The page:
The Chinese People’s Liberation Army (PLA) Tibet Military Command recently sent troops to a high-altitude region at an elevation of 4,700 meters at night for infiltration exercises behind enemy lines and tested their combat capability under a harsh environment. At 1:00 am at an undisclosed date, a PLA scout unit began to mobilize toward its target in the Tanggula Mountains. During the march, vehicles turned off their lights and used night vision devices to avoid hostile drone reconnaissance. After encountering defensive obstacles built by the enemy, the scouts sent drones and dropped explosives to clear them.
They engaged in combat when approaching the target, for which they sent a sniper unit to crack enemy spotlights and a fire strike team to destroy enemy light armored vehicles with anti-tank rockets. The scout unit successfully launched the final assault on the enemy headquarters, in which commanders used a vehicle-mounted infrared reconnaissance system and guided the troops to lock in on targets and deliver fire strikes. More than 2,000 munitions, including mortar shells, rifle grenades and rockets were fired during the mock battle. The exercises not only tested the results of the troops’ training with newly commissioned equipment, but also placed them in an extremely complicated situation, Ma said.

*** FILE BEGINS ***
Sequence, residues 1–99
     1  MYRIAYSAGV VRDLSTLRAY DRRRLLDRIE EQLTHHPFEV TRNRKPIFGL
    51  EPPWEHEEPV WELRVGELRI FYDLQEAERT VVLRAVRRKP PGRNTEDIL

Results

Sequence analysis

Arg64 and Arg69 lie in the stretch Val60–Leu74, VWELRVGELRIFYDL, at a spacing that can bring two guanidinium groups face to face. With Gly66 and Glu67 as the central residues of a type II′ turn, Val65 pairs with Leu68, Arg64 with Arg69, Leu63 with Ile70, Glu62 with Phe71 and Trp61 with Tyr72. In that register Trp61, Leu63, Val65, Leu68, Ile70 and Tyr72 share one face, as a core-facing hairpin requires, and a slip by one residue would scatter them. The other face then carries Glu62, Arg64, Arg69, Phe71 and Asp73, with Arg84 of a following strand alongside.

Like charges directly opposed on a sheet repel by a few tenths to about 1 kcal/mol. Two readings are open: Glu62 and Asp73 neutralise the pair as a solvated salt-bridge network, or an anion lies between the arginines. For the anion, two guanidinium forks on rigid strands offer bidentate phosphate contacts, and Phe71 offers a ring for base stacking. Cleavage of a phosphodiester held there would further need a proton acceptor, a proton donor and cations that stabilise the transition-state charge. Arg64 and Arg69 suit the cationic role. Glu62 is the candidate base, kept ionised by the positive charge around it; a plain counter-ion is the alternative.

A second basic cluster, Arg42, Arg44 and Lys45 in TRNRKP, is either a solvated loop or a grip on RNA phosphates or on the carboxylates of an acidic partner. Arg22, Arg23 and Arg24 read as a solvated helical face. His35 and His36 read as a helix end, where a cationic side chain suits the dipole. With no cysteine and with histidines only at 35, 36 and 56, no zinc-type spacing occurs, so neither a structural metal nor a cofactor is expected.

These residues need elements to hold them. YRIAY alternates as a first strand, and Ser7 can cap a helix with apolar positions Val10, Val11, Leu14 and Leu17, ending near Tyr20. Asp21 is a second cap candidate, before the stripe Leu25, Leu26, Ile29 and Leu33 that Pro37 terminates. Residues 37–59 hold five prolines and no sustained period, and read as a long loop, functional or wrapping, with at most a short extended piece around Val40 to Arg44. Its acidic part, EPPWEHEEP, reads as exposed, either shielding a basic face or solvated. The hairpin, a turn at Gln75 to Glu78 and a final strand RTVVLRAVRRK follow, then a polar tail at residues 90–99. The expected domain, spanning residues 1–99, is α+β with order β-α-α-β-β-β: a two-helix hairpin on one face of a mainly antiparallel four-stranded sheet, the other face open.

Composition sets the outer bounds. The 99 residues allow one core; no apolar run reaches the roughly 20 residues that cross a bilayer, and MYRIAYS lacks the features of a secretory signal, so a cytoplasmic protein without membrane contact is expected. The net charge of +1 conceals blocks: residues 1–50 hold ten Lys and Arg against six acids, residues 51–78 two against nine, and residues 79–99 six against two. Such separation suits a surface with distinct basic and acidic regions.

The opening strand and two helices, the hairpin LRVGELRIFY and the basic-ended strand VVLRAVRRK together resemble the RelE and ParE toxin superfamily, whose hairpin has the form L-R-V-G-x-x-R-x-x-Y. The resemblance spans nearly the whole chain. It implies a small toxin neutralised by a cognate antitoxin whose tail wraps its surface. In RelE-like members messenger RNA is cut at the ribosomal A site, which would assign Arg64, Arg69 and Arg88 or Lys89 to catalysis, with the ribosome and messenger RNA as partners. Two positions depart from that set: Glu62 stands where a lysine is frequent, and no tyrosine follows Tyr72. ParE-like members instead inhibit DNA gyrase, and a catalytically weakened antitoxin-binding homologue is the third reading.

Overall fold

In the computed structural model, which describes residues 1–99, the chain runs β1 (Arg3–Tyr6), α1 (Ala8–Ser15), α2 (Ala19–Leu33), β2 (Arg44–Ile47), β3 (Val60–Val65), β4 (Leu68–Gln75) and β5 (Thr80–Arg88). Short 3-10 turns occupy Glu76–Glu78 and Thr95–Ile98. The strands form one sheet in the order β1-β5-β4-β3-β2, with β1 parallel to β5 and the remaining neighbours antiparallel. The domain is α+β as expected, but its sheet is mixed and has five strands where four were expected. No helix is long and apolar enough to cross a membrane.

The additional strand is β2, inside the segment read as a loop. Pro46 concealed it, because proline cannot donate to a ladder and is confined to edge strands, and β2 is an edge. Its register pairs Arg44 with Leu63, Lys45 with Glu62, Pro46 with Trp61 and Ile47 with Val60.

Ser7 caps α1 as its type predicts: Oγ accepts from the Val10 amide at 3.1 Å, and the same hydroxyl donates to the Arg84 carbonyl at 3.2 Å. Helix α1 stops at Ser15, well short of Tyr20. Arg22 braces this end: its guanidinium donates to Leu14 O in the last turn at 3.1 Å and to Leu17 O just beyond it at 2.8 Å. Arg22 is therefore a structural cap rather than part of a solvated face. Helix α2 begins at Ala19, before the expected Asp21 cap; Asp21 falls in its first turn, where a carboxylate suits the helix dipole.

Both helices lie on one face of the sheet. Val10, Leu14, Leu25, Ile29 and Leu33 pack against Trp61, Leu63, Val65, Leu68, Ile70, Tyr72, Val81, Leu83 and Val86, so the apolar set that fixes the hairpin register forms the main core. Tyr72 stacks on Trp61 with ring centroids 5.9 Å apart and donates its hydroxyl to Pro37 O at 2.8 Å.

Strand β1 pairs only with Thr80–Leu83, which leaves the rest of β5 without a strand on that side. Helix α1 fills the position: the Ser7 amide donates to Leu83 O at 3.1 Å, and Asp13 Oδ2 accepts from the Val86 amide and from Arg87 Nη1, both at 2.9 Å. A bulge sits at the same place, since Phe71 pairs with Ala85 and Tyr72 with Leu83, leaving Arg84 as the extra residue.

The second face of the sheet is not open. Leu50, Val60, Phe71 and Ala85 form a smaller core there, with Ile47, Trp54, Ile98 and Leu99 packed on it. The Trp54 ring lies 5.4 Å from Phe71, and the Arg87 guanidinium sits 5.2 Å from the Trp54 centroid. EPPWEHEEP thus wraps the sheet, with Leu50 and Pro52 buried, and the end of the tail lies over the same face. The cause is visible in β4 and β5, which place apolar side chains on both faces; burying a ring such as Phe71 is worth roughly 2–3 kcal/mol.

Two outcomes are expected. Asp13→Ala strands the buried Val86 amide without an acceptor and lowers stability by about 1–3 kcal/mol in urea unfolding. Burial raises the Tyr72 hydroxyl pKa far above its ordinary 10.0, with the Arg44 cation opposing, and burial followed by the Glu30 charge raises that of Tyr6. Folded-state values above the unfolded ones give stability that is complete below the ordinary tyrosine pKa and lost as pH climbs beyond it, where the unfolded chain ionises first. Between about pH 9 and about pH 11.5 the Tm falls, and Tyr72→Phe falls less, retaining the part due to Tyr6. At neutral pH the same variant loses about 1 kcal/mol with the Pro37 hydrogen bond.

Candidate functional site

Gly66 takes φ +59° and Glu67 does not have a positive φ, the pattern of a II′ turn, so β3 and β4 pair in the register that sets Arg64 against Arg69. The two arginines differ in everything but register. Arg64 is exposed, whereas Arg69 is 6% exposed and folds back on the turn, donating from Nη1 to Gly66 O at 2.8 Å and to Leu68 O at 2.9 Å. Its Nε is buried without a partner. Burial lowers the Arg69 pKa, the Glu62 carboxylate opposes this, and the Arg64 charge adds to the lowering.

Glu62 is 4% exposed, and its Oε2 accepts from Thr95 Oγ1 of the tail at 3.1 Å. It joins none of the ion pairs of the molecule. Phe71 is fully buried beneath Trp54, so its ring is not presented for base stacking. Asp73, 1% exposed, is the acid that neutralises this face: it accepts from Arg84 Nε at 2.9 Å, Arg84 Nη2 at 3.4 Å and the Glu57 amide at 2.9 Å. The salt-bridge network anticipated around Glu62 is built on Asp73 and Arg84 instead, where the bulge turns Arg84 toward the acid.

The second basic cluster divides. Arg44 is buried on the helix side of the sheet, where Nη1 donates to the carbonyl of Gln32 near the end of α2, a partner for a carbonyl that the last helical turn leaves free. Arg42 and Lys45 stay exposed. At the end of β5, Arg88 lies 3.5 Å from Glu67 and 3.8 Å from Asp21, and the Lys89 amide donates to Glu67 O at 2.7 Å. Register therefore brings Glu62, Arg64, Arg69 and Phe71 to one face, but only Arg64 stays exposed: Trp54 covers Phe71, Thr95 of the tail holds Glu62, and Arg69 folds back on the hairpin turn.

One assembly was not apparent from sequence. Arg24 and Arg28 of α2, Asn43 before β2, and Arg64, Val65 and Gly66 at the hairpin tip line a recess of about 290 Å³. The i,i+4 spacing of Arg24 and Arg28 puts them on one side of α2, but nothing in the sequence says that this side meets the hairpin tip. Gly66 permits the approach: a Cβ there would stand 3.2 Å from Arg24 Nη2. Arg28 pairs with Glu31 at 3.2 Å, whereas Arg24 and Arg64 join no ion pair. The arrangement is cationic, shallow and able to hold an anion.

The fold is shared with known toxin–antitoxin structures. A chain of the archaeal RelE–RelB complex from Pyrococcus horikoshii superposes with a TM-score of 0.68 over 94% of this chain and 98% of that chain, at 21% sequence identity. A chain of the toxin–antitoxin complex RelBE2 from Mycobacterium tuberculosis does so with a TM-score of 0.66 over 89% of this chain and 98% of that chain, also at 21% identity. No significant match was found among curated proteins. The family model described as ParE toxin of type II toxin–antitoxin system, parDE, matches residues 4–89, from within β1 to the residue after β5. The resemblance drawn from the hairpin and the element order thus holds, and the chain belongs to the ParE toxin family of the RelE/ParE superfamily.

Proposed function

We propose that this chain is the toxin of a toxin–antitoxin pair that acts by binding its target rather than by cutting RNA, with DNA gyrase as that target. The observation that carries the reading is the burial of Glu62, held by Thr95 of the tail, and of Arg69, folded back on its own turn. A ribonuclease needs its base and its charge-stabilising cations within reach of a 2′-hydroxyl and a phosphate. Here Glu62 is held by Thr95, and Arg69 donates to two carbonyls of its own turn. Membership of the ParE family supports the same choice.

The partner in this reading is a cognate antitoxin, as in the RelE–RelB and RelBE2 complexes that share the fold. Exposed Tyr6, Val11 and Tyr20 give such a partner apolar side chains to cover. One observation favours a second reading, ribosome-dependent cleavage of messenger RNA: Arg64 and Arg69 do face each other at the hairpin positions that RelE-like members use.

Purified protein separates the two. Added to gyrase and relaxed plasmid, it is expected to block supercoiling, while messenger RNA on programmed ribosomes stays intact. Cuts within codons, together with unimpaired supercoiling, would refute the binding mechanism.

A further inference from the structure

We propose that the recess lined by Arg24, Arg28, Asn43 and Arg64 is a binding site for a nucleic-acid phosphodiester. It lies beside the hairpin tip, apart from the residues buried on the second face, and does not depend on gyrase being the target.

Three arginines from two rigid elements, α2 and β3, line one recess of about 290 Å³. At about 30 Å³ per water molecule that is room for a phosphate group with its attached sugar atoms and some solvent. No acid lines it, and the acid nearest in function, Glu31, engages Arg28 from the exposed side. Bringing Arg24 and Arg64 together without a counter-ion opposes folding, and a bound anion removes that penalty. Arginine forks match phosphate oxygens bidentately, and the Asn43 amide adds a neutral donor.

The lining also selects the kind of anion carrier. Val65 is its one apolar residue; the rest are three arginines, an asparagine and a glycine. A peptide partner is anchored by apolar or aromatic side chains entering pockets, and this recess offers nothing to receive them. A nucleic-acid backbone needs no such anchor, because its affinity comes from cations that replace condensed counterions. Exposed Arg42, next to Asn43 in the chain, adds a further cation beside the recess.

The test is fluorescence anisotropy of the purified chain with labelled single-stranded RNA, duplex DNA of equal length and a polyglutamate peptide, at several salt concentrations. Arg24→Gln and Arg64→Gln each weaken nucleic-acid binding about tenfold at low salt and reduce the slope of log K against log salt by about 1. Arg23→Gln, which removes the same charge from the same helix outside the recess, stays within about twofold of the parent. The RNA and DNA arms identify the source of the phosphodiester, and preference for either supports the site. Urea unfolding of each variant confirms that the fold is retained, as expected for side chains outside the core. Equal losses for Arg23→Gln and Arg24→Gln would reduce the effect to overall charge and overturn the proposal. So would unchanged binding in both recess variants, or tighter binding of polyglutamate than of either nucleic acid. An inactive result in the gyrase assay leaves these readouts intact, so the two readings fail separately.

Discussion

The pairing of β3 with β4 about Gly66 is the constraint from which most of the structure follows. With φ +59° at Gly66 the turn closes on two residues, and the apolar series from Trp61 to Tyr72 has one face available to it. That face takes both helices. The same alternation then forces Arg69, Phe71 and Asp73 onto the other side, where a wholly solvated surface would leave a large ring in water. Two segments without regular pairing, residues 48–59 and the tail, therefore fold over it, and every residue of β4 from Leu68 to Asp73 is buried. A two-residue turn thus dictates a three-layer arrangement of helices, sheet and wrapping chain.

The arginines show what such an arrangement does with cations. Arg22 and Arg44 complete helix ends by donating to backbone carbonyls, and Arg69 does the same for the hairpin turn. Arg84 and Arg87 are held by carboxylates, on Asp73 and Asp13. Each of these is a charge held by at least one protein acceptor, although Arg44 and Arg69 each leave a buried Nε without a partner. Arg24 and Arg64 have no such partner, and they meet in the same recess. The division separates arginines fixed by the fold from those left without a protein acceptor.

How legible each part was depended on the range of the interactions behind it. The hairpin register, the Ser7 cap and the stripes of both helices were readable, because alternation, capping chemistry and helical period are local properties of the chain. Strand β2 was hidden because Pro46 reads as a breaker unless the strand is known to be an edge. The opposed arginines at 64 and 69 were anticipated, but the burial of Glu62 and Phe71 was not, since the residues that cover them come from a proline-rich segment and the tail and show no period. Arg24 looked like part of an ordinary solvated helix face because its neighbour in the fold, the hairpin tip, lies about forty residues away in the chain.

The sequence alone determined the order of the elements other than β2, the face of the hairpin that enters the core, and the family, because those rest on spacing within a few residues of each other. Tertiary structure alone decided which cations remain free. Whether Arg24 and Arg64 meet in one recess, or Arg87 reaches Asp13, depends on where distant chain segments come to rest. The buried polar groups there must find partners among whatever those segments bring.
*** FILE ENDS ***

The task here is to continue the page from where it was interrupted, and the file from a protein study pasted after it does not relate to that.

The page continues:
Under condition of anonymity on Tuesday that nights in plateaus are very cold and the lack of oxygen at high elevations can cause problems for troops and hardware. Infiltrating behind enemy lines and launching an attack at a hostile command center at night can effectively win a small-scale conflict with only one battle. China and India share borders at the high altitude area, and incidents have recently occurred between the two countries’ troops, and both sides reportedly reinforced deployments. Both Tibet and Xinjiang are China’s borderlands, and exercises like this will boost the PLA’s capabilities to safeguard the country’s sovereignty and territorial integrity.